The shows in question are "87th Precinct" and "The Lineup"
I never saw "87th Precinct" when it was on originally, in the early 60s.
It was on opposite something I watched regularly.
I think it was "Make Room For Daddy", which I never missed.
I was recently sent an episode of "87th Precinct" to watch.
It was an hour-long, much better than average cop show..
Sort of a cross between "Dragnet" and Naked City"
Like Dragnet, in that it was out and out Detective work.
And it had a bit of a sense of humor, embodied by an early career Norman Fell as a Detective named Meyer Meyer.
Like "Naked City" in that shootouts were a regular element.
I don't recall Joe Friday ever even picking up a gun.
Good dialogue and storytelling, and a very good cast, including Robert Lansing and Ron Harper.
"The Lineup" was the San Francisco version of "Dragnet"
It ran concurrently with it in the mid-fifties.
Straight police work.
Wonderful location shooting, and old cars.
And like "Dragnet", it had a great narrator.
Of course he wasn't as great as Jack Webb.
But he was pretty great.
His name was Art Gilmore.
Art Gilmore was perhaps best known as the voice of almost every movie trailer in the 1950's.
I think he did all the Martin and Lewis movies, and all the Doris Day light-hearted virgin and non-virgin movies.
He was a major asset on "The Lineup"
He performed a very similar role on "Highway Patrol", which starred Broderick Crawford.
If you can't imagine his voice from this information, you might recall his work as the announcer on "The Red Skelton Show"
And "The Lineup" had a lot going for it besides Art Gilmore.
The two lead cops were played by the extremely straight Warner Anderson, and the extremely wry Tom Tully.
Tom Tully was wonderful.
His rap sheet on the IMDB is a mile long.
He played Dick Van Dyke's father on the Van Dyke Show when J. Pat O' Malley didn't.
Tully was much funnier than J. Pat.
Unlike Jack Webb and whoever he was partnered with on "Dragnet", Anderson and Tully were equal partners.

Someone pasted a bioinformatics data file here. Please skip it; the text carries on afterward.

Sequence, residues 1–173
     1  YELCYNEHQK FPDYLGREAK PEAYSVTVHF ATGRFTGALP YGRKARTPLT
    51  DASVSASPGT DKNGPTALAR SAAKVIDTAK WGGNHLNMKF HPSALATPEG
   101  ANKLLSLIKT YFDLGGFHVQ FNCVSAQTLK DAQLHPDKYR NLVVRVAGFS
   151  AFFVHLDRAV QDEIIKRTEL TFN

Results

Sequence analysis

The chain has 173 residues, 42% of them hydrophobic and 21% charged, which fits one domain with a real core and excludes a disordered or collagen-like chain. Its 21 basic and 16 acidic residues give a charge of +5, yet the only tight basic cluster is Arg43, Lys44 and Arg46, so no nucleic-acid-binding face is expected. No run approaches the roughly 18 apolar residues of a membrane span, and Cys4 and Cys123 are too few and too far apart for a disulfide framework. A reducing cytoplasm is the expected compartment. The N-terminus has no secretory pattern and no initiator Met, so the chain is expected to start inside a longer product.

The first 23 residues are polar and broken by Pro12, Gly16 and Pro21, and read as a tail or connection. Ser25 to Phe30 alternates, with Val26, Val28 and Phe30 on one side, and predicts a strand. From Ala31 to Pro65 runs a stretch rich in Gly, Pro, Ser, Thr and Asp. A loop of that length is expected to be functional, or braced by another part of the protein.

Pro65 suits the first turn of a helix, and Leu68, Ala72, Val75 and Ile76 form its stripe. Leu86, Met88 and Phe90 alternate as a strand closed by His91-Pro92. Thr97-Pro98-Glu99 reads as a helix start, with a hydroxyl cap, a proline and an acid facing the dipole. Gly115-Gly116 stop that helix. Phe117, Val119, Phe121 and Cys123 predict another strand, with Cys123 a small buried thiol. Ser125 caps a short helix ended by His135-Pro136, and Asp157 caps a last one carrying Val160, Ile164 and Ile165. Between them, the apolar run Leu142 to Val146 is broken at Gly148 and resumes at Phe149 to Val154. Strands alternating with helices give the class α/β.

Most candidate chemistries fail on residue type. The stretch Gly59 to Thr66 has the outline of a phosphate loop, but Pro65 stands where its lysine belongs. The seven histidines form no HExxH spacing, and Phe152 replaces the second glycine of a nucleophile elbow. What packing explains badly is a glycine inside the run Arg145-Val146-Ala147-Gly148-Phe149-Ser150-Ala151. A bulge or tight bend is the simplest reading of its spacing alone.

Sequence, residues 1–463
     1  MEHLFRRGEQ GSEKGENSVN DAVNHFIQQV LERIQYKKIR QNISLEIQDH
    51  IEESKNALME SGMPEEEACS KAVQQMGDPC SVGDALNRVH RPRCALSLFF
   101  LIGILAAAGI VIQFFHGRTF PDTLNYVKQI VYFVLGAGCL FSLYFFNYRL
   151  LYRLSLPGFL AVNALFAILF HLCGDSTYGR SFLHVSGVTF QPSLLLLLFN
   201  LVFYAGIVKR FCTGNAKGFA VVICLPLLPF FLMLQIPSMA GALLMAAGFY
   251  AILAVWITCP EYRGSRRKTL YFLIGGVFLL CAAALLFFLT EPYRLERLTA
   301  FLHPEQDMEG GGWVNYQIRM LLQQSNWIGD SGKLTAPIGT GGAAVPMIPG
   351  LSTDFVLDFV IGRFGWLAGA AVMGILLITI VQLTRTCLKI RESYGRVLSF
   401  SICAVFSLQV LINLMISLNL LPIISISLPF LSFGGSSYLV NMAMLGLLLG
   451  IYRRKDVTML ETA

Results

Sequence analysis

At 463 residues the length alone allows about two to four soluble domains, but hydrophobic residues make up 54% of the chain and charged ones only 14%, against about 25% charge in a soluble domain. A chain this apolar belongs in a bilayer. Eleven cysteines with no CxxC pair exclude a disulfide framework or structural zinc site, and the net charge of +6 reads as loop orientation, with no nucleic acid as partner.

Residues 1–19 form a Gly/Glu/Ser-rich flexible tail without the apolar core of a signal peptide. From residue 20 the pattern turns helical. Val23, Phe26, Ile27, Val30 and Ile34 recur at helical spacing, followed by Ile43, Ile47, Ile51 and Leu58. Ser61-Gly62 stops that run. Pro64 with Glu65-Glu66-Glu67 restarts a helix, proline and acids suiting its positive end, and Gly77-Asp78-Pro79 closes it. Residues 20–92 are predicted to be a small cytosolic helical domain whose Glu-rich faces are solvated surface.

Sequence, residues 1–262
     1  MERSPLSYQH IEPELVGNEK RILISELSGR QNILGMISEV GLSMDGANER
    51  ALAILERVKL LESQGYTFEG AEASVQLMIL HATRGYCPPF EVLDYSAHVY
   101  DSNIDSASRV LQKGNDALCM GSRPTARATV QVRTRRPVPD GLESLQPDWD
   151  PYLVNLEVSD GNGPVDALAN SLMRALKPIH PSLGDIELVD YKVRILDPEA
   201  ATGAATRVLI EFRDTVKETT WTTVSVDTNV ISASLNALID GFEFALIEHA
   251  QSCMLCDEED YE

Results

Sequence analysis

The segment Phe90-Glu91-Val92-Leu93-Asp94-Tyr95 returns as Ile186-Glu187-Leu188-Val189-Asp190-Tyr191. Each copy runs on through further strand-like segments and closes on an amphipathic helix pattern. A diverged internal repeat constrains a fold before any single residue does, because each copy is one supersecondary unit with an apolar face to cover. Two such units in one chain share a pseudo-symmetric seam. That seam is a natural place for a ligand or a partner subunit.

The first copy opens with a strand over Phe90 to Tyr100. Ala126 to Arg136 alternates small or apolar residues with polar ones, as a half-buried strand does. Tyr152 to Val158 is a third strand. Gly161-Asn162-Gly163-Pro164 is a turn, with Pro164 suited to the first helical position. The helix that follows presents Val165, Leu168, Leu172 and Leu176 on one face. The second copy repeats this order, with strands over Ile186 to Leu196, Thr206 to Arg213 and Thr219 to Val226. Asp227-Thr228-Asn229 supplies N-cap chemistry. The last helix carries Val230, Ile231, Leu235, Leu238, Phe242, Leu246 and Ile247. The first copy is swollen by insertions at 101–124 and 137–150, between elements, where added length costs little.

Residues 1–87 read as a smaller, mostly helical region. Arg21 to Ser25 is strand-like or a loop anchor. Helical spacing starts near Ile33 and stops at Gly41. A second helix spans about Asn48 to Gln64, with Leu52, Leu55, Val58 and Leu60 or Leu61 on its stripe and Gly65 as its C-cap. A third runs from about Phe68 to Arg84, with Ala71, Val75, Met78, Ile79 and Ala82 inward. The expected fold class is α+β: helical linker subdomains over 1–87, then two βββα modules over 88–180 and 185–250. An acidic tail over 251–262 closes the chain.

And they were two relatively old guys.
And there were plenty o' shootouts, and rolling around on the ground.
And they both handled themselves with aplomb.
Apparently without stunt doubles.
And there was usually a scene that took place at a Lineup.
The show was always interesting.
These two shows should both be seen again on a regular basis.
Mark Rothman, CEO of the OTN.
My books ,"Show Runner" and it's sequel, "Show Runner Two", can be found at the Amazon Kindle Store.
Along with the newer ones, "The Man Is Dead", and "Report Cards".
You can search by typing in my name, Cindy Williams, Laverne & Shirley, The Odd Couple, or Happy Days.
Check them out.
You don't need a Kindle machine to download them.
Just get the free app from Kindle, and they can be downloaded to an IPhone, IPad, or Blackberry.
The paperbacks, "Mark Rothman's Essays", and my new novel, "I'm Not Garbo" are available for people without Kindle.
I have many readings and signings remaining, and the thing about Kindle is you can't sign one.
If you'd like one, contact me at firstname.lastname@example.org.
And now, we've got my reading of my "Laverne & Shirley Movie" screenplay on YouTube.
- ► 2017 (56)
- ► 2016 (79)
- ► 2015 (81)
- ► 2014 (101)
- Why I Hate Chris Matthews More Than Ever.
- Ask Not For Whom The Bell Tolls. 3.
- Ask Not For Whom The Bell Tolls. 2.
- Ask Not For Whom The Bell Tolls.
- Another Game Show Day On The OTN.
- Yes, We Have Two More Sitcoms.....
- Two Interchangeable Actors On The OTN.
- George Burns Day On The OTN.
- The Thing Actors Should Never Ask When They're Aud...
- Two Cop Shows For The OTN.
- No, I'm Not Done With The OTN.
- ▼ August (11)
- ► 2012 (99)
- ► 2011 (70)
- ► 2010 (21)
- mark rothman
- Hi. I am, according to my Wikipedia entry,(which I did not create) a noted television writer, playwright, screenwriter, and occasional actor. You can Google me or go to the IMDB to get my credits, and you can come here to get my opinions on things, which I'll try to express eloquently. Hopefully I'll succeed. You can also e-mail me at email@example.com. Perhaps my biggest claim to fame is being responsible, for about six months in 1975, while Head Writer for the "Happy Days" TV series, for Americans saying to each other "Sit on it."